What is the smallest device currently possible?

Mann: Micromolded parts can be as small as microscopic in size. In terms of weight, we manufactured a part where 520 parts were made from a pellet of polycarbonate. The smallest part we have molded was an ophthalmic implant that weighed in at 0.00000313 grams (about 1,000 times smaller than a sesame seed).

What manufacturing and engineering advances now make miniaturization possible?

Mann: Advancements in high-precision mold making and molding technology allow for more possibilities when miniaturizing medical device components. Advanced and highly accurate molding equipment and molding automation are essential when working with such small component sizes and micro features.

Precise miniature plastic parts are the result of exact tooling execution. Our workpiece accuracy target is 42 millionths of an inch. Workpiece accuracy refers to what the actual part comes out of the machine looking like, and not what the machine is specified to do.

In terms of manufacturing advancements, we are seeing the following:

  • Our Sarix 3D EDM milling machine is a very unique piece of equipment that creates cavity geometry by following a tool path similar to CNC milling, but the major difference is that the end mill is actually an electrode that can be as small as 5 microns.
  • New improvements in cutting tools for milling equipment provides more advancements in geometries and coatings.
  • We have recently acquired a new EDM machine that lets machining operators use ultra-small wire in the range of 0.0008 in. to 0.001 in., which opens the doors and possibilities to the type of micromachining applications that can be developed to create superior tooling to support the micromolding of today’s leading-edge micro medical products.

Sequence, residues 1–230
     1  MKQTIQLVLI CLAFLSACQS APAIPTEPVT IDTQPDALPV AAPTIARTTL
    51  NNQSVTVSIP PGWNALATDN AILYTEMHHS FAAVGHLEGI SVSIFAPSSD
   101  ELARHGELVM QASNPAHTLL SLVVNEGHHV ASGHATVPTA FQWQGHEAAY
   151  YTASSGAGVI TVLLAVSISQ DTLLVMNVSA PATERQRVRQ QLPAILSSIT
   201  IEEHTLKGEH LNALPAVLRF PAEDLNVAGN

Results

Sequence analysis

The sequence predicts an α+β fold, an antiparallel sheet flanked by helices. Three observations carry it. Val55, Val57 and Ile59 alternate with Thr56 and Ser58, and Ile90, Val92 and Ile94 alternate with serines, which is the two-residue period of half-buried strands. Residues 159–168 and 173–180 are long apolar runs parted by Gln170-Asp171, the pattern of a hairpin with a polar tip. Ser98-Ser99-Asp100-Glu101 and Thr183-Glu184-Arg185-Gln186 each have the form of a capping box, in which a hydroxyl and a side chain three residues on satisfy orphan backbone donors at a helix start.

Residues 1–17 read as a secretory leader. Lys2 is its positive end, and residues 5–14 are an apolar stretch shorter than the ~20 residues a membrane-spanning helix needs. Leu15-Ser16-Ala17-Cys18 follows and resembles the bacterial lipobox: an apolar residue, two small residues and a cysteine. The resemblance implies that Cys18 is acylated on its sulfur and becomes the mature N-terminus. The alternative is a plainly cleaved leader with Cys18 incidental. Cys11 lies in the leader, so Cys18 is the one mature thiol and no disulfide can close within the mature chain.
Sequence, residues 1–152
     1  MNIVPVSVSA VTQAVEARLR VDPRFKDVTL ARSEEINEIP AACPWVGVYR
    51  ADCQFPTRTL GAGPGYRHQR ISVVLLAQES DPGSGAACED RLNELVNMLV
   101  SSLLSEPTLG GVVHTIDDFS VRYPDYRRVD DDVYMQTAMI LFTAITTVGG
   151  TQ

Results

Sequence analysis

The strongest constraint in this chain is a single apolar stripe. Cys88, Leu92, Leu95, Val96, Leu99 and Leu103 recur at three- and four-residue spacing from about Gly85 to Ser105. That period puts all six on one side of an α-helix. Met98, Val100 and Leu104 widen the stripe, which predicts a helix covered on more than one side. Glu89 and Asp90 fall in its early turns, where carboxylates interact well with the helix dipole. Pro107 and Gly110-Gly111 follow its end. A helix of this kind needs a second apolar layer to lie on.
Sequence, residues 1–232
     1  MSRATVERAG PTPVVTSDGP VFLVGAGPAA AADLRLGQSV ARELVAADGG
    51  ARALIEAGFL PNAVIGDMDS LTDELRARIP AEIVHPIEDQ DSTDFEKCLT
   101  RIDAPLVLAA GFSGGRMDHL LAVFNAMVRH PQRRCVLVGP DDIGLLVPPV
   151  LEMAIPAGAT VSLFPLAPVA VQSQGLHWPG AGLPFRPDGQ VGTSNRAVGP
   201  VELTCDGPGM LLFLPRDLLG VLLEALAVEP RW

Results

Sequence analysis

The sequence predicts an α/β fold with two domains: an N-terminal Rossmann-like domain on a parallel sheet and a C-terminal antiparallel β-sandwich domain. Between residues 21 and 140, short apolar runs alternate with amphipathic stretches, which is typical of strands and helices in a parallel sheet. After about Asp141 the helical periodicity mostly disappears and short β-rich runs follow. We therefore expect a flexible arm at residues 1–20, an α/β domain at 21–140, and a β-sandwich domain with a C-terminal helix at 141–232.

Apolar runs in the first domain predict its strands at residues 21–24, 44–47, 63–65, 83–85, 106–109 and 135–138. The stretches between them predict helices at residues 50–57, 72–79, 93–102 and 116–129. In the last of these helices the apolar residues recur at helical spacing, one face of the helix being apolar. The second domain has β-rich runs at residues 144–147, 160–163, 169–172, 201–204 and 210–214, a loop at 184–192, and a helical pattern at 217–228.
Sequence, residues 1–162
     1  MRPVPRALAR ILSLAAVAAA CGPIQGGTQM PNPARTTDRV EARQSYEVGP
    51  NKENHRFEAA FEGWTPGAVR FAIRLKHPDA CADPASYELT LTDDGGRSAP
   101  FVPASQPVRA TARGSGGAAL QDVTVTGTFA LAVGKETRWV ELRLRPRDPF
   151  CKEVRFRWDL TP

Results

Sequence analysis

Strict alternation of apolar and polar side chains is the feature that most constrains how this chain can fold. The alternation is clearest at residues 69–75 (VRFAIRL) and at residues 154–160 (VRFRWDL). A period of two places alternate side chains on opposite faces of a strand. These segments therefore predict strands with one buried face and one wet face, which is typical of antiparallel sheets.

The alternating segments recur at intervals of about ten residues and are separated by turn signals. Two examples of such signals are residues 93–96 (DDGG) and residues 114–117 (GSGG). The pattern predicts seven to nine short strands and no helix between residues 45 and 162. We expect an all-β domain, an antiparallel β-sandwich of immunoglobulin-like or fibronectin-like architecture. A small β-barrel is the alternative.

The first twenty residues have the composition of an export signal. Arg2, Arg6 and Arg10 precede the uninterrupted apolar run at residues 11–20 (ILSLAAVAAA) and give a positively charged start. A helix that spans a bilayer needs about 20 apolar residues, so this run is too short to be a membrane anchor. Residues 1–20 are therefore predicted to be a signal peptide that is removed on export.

Are there any material challenges or limitations when developing miniature components? If so, how can they be overcome?

Mann: PEEK is a popular material choice for medical devices because of the implant data that accompanies it, and it is one of the easiest materials to machine, which makes it convenient for the prototyping phase. The problem with PEEK, however, occurs when higher production volumes justify moving into the injection molding process for significant cost savings. The benefit is that micro injection molding takes a fraction of the time to mold components and uses less costly materials in comparison to micromachining. The issue is that micro injection molding with PEEK can be challenging, placing further stress on timing and budget.

Bioabsorbable materials are being used more often in medical micromolded applications and offer big advantages for medical science and patients alike by allowing an implant to be absorbed by the human body. However, these advanced polymers can be quite expensive and present many challenges to micromolders. These materials also require proper handling before, during, and after molding in order to maintain the properties of the polymer.